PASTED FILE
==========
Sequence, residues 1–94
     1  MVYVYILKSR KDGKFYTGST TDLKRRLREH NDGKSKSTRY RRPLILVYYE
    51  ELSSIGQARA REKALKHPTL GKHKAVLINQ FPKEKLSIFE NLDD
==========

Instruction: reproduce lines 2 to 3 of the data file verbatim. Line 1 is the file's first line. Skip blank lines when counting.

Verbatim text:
     1  MVYVYILKSR KDGKFYTGST TDLKRRLREH NDGKSKSTRY RRPLILVYYE
    51  ELSSIGQARA REKALKHPTL GKHKAVLINQ FPKEKLSIFE NLDD